- one of the structures composing the skeleton of a vertebrate.
- the hard connective tissue forming the substance of the skeleton of most vertebrates, composed of a collagen-rich organic matrix impregnated with calcium, phosphate, and other minerals.
Idioms about bone
- to deal with in a direct manner; act or speak openly: He makes no bones about his dislike of modern music.
- to have no fear of or objection to.
- to the essentials; to the minimum: The government cut social service programs to the bone.
- to an extreme degree; thoroughly: chilled to the bone.
Origin of bone
How to use bone in a sentence
This year, a bare-bones welfare program will continue into the New Year without being updated.To GOP Congress, as Usual, It’s Welfare on the Chopping Block|Monica Potts|December 25, 2014|DAILY BEAST
Instead of being strong and resilient, bones become weak and brittle.
My surgeon told me my bones were so soft he could barely install the screws.
But even if the great conqueror lies elsewhere, the Kasta bones might well be those of his wife.
Chiefly, we forgot the many, many problems there are with the bones—the book and score—to this show.‘Peter Pan Live!’ Review: No Amount of Clapping Brings It to Life|Kevin Fallon|December 5, 2014|DAILY BEAST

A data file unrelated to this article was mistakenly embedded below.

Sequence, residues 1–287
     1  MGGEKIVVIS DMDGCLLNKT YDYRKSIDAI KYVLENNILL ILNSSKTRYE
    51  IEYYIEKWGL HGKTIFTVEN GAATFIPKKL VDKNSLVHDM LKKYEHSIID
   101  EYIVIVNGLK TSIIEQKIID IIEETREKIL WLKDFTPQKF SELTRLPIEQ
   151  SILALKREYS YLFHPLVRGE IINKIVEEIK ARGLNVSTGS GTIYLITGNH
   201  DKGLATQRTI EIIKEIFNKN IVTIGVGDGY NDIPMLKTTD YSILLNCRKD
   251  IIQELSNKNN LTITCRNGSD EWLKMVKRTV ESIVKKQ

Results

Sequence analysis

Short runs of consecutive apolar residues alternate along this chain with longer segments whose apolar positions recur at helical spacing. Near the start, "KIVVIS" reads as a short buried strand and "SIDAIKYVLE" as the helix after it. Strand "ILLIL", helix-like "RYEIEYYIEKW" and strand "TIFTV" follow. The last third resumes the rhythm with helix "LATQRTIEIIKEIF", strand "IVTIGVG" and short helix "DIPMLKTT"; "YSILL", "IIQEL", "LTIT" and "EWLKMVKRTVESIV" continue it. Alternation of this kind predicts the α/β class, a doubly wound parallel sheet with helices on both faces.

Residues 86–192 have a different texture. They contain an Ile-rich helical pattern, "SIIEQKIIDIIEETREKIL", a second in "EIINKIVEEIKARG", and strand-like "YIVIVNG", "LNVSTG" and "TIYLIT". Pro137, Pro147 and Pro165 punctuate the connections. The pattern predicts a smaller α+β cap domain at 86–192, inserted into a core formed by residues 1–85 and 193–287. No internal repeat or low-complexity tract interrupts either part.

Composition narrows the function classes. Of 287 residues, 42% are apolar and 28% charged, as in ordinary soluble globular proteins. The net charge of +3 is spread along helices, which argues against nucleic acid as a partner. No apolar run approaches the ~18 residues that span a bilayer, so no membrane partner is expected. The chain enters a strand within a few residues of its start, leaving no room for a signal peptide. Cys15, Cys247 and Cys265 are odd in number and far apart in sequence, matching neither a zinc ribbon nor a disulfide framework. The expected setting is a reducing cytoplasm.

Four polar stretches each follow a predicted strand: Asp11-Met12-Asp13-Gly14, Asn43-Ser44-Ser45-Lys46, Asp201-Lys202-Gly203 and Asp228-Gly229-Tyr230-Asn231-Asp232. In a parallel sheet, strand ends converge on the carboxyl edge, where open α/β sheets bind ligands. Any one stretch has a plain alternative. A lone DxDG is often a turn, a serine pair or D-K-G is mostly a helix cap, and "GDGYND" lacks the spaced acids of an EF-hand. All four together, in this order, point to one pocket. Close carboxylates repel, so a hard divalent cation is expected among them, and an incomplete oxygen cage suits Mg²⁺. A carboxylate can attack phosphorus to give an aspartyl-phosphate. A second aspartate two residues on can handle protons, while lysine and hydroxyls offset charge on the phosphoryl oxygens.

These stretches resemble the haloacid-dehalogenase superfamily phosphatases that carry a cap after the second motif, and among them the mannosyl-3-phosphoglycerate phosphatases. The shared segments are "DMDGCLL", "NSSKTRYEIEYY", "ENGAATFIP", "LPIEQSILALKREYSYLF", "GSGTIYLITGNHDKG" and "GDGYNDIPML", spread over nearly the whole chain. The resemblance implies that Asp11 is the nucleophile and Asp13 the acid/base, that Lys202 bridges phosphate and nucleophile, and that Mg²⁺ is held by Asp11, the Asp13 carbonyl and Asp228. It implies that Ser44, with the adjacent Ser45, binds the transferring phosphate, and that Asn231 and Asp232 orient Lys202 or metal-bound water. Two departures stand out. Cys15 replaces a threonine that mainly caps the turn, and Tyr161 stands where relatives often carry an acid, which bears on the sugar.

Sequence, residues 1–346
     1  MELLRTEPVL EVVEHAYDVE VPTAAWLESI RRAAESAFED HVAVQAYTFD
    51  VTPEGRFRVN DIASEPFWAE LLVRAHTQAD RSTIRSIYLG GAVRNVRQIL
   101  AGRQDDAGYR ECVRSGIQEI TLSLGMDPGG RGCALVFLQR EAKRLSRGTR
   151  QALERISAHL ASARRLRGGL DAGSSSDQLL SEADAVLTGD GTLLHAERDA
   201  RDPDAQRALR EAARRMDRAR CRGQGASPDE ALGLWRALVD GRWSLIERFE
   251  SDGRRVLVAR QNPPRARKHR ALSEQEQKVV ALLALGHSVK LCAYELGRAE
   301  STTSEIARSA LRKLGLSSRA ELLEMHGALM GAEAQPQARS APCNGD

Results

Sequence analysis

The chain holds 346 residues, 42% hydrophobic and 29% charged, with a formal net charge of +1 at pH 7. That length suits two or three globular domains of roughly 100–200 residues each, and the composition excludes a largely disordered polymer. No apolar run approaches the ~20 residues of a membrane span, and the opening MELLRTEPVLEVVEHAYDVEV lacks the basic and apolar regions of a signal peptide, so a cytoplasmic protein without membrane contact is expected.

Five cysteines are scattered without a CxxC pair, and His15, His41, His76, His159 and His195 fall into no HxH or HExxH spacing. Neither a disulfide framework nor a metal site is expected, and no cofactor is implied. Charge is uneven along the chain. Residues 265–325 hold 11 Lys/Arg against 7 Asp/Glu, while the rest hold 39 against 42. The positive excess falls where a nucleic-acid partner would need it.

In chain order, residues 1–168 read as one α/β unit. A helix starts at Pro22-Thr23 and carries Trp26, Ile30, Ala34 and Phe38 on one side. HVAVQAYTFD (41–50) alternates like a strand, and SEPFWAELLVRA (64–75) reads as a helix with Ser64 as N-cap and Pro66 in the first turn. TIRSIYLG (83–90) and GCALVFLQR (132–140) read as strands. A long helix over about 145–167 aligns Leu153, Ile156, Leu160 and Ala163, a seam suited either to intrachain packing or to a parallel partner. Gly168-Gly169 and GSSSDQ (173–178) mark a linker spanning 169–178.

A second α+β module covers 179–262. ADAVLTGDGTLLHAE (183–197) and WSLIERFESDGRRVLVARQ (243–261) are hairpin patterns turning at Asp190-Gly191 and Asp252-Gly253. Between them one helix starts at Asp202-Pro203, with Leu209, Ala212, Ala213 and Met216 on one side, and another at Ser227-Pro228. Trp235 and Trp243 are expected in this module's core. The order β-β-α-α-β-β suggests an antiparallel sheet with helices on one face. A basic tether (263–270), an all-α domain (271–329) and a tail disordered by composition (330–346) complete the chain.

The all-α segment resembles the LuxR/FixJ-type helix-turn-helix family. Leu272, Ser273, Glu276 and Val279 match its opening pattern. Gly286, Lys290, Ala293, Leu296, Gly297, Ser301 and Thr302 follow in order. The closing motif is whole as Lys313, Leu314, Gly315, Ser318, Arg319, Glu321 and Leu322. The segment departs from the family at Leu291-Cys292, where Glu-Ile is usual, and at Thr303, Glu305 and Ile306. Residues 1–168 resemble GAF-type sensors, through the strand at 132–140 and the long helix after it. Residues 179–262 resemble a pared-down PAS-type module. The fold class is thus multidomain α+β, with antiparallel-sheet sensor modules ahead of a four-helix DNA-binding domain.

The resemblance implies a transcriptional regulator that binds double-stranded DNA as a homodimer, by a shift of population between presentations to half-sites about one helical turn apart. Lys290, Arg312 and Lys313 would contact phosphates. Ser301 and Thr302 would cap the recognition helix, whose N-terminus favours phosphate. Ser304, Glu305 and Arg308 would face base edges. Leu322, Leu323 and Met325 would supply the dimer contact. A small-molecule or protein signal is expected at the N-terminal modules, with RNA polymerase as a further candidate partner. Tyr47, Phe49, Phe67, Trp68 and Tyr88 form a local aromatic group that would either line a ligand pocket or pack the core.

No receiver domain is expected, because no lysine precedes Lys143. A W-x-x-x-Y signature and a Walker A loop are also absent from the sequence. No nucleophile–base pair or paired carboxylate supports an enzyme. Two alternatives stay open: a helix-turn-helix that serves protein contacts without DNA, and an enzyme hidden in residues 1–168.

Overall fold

Hardy and Hicks flung the huge marrow bones with which they happened to be engaged at the time.Hunting the Lions|R.M. Ballantyne
They are votaries of the weed, making their pipes either out of driftwood, or of the bones of animals they have used for food.
They attend to the burial of the poor, and of the bones of those who are hanged, which duty they see to once each year.
The second word should indicate by its consonants the numbers of the bones to which the attachment is made.Assimilative Memory|Marcus Dwight Larrowe (AKA Prof. A. Loisette)
I hoped till morning, as a lion so hath he broken all my bones: from morning even to night thou wilt make an end of me.The Bible, Douay-Rheims Version|Various
British Dictionary definitions for bone (1 of 2)
- risqué or indecenthis jokes are rather close to the bone
- in poverty; destitute
- to be direct and candid about
- to have no scruples about
- to wish bad luck (on)
- to threaten to bring about the downfall (of)
Derived forms of boneboneless, adjective
Word Origin for bone
British Dictionary definitions for bone (2 of 2)
Medical definitions for bone
Scientific definitions for bone
Other Idioms and Phrases with bone
In addition to the idioms beginning with bone
- bone of contention
- bone to pick, have a
- bone up
- bare bones
- chilled to the bone
- cut to the bone
- feel in one's bones
- funny bone
- make no bones about
- pull a boner
- roll the bones
- skin and bones
- work one's fingers to the bone